May 16, 2007
DURABLE POWER OF ATTORNEY
By: George Coppolo, Chief Attorney
Kevin E. McCarthy, Principal Analyst
You asked (1) whether there is any state oversight of people granted durable power of attorney and (2) what sanctions might apply if a person granted this power took advantage of the grantor, for example by misappropriating his property.
Ordinarily, there is no state oversight of persons granted power of attorney, according to Thomas Gaffey, chief counsel for Office of the Probate Court Administrator. However, under CGS § 45a-175, the Probate Court has limited jurisdiction over people acting under grants of power of attorney (an “attorney-in-fact”). Upon request, the probate court can demand an accounting of the actions of the attorney-in-fact. This request can only come from the person who granted the power of attorney or his legal representative, e.g., a conservator. Thus, a member of the grantor's family would not be able to request an accounting unless that person was the grantor's legal representative.
The court must determine the rights of the attorney-in-fact and of other parties who have a legal interest in the account. The request for an accounting does not place the power of attorney under the continuing jurisdiction of the Probate Court.
According to Gaffey, such requests are fairly common. While the court does not maintain any statistics in this area, Gaffey believes that in most cases, allegations that an attorney-in-fact has misused his powers are not founded.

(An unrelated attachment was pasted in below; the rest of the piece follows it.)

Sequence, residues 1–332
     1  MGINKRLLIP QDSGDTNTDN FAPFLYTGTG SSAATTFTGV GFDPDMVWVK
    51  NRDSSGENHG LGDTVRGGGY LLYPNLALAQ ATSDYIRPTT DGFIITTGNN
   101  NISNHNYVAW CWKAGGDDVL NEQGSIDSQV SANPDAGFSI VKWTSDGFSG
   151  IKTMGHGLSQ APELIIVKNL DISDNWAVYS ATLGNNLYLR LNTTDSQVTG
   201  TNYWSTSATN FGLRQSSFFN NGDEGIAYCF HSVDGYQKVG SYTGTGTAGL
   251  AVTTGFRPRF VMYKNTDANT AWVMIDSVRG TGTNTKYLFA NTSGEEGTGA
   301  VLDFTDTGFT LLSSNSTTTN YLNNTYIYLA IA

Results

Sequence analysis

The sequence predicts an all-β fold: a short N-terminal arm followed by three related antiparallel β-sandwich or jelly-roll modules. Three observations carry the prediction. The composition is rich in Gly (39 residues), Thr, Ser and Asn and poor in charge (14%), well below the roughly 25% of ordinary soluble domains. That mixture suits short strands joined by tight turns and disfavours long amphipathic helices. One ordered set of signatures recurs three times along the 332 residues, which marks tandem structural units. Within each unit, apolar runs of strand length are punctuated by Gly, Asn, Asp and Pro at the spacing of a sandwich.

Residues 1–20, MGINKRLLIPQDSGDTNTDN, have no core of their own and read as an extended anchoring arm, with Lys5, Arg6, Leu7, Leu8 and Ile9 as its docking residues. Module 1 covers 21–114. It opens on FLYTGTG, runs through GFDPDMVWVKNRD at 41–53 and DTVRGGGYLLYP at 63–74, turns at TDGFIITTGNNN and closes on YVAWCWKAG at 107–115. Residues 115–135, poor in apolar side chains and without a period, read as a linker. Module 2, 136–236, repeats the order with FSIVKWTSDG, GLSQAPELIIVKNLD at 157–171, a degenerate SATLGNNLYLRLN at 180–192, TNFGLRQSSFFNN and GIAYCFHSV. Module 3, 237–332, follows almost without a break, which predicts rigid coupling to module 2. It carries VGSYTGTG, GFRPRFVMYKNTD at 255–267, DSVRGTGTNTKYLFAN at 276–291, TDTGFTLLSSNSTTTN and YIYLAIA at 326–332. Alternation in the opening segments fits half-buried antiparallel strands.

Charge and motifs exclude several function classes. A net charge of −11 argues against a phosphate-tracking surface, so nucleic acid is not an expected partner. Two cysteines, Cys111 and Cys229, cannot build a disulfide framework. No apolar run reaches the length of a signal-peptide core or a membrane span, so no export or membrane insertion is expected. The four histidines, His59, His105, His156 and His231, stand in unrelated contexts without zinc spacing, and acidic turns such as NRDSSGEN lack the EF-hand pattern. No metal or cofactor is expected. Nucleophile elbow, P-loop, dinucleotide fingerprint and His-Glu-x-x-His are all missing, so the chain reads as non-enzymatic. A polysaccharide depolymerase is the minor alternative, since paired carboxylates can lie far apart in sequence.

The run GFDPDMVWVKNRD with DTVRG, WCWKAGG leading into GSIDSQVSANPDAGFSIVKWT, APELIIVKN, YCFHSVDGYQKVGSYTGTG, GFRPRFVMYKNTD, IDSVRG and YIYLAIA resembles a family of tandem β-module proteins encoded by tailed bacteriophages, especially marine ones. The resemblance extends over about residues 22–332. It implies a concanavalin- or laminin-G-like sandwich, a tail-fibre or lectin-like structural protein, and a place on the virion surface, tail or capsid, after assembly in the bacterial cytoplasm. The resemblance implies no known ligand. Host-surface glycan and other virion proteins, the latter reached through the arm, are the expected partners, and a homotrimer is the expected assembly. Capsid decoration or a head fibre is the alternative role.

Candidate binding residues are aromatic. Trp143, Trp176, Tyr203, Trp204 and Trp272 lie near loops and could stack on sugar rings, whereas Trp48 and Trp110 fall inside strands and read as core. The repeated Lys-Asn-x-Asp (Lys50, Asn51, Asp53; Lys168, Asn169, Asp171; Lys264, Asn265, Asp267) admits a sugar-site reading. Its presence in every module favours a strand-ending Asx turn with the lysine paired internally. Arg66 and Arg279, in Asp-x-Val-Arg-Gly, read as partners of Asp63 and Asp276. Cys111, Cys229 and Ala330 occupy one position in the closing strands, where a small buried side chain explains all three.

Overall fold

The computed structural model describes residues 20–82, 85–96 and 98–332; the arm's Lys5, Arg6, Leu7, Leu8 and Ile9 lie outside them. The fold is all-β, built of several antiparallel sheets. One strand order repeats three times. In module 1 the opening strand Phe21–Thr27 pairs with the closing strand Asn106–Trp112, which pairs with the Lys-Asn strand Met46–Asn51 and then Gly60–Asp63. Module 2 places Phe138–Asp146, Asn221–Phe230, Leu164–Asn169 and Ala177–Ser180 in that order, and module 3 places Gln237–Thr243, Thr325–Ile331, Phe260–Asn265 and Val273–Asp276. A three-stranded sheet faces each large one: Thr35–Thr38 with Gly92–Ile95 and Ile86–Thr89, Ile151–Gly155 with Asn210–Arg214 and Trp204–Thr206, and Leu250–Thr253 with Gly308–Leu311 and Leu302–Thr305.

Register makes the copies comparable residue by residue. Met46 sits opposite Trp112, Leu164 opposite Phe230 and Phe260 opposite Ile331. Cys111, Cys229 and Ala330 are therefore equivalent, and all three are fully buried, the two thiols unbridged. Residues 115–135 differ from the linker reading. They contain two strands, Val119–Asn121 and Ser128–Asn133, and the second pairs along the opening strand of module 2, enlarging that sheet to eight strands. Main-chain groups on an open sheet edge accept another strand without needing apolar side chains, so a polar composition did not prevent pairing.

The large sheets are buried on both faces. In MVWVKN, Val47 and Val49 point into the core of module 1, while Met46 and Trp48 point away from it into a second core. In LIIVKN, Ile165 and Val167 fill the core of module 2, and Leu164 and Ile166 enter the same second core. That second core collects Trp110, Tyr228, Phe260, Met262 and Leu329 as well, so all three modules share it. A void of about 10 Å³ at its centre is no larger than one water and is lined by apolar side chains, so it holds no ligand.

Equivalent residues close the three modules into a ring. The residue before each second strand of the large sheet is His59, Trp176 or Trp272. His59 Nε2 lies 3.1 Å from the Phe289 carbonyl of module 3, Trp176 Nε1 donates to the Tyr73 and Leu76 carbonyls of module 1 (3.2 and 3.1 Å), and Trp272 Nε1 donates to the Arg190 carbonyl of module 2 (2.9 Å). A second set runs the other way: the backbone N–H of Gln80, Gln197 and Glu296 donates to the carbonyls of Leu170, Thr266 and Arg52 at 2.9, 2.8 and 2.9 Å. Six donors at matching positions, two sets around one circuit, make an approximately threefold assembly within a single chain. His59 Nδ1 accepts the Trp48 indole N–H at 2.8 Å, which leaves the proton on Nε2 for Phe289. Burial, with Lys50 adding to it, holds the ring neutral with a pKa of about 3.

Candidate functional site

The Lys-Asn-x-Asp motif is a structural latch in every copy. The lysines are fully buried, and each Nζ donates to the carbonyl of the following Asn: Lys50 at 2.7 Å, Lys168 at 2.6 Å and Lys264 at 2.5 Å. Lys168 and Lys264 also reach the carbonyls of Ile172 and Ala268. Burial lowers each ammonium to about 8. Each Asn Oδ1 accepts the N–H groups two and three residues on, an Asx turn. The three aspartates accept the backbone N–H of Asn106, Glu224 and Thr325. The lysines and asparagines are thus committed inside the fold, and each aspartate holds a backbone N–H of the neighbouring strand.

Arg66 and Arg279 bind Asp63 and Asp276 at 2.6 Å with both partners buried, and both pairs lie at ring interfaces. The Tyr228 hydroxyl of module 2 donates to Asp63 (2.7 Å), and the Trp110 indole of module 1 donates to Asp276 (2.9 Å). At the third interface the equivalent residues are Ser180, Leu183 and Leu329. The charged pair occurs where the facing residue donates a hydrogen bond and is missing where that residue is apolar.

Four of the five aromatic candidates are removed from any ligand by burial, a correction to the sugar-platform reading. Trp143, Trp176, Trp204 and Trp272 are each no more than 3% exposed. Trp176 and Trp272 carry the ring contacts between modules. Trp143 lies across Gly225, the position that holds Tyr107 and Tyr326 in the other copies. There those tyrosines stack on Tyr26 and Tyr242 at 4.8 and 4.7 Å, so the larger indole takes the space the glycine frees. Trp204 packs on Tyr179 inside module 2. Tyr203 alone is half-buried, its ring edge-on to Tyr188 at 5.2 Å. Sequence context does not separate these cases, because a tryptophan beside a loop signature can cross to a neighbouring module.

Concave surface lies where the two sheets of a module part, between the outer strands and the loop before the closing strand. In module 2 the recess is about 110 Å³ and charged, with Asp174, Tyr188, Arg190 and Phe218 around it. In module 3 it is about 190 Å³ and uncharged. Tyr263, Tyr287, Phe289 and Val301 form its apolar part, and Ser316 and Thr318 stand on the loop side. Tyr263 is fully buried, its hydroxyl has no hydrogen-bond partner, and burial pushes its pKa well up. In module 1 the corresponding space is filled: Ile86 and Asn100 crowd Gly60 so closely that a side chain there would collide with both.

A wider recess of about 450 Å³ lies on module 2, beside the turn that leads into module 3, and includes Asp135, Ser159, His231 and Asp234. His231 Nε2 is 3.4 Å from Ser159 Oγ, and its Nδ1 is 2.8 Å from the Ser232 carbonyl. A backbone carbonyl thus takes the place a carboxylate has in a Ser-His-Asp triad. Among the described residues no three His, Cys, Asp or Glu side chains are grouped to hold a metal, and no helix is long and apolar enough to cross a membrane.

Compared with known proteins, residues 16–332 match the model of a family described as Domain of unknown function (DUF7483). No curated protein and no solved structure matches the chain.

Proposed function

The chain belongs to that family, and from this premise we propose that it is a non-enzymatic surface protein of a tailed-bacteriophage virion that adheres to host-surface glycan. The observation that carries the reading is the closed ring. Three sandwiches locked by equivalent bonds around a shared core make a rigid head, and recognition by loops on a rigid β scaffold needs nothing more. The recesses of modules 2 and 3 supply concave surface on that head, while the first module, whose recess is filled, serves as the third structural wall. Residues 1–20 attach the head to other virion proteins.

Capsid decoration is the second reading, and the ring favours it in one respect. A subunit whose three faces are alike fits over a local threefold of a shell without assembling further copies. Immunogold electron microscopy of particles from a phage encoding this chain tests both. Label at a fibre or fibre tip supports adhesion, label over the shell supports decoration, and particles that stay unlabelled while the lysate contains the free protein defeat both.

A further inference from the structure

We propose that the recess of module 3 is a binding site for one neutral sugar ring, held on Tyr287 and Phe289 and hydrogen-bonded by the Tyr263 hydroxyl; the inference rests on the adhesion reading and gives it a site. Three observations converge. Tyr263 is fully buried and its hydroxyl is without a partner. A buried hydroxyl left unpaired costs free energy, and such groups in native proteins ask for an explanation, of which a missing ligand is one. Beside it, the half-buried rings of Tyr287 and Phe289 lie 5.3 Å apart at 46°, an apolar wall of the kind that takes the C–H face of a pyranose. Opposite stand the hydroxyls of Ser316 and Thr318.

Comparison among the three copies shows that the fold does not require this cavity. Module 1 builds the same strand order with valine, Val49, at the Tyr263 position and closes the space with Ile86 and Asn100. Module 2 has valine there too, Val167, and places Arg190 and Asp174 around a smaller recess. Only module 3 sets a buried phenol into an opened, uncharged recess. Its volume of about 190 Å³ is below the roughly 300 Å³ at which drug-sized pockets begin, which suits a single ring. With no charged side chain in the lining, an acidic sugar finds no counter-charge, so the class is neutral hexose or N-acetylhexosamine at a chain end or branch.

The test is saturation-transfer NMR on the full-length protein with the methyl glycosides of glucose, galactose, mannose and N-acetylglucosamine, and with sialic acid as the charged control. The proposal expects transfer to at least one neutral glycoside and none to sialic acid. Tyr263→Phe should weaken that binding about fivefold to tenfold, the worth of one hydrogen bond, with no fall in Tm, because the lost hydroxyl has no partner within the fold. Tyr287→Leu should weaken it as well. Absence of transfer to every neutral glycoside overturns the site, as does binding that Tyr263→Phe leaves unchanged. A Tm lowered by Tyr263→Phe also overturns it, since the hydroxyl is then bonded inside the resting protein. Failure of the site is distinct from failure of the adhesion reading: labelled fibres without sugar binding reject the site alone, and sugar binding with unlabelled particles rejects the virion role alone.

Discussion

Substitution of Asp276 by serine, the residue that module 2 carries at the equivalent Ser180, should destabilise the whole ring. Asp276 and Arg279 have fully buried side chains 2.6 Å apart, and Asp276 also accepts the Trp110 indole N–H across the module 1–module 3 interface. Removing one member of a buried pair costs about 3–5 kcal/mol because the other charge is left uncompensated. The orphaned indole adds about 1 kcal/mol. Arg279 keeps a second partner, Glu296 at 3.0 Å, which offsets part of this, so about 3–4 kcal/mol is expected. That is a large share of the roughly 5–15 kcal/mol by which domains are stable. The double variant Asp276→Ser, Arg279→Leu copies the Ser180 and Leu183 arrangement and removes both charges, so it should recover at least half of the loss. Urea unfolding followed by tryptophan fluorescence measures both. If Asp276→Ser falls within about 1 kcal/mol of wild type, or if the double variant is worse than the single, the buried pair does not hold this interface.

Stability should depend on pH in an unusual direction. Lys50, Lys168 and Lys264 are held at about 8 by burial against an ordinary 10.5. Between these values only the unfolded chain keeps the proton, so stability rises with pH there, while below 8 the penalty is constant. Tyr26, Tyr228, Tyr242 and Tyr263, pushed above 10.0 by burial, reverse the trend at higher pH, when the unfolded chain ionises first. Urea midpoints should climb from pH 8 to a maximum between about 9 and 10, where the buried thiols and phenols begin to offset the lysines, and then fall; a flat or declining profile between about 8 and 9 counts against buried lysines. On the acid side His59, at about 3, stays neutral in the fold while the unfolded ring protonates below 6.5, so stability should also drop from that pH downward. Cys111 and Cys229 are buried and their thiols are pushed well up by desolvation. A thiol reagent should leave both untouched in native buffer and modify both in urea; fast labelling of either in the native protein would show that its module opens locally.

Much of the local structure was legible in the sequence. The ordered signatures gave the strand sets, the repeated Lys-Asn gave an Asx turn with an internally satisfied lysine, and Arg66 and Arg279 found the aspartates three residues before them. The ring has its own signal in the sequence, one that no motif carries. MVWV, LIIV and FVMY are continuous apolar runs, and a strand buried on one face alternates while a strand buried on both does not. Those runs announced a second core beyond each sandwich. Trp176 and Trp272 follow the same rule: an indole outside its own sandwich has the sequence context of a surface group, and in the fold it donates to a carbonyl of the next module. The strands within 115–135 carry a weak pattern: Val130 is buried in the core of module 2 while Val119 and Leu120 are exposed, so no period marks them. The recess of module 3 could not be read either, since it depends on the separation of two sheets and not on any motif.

The Probate Court has all of the powers available to the Superior Court at law and in equity pertaining to its authority over these accounts. Among other things, the Probate Court can surcharge a fiduciary for breach of trust.
If the attorney-in-fact has abused his powers, his actions may also be a crime. For example, if the attorney-in-fact misappropriated funds, this might constitute larceny and be subject to criminal penalties. His actions may also constitute a tort, for which an injured party could seek recovery in civil court.
If the attorney-in-fact is a member of a state regulated profession (e.g., he is an accountant or an attorney at law), he may subject to disciplinary actions such as license revocation for any misconduct. If his actions violate a professional code of conduct he may also face sanctions.
Connecticut Legal Services has a website http://www.ctelderlaw.org/, that addresses frequently asked questions about power of attorney.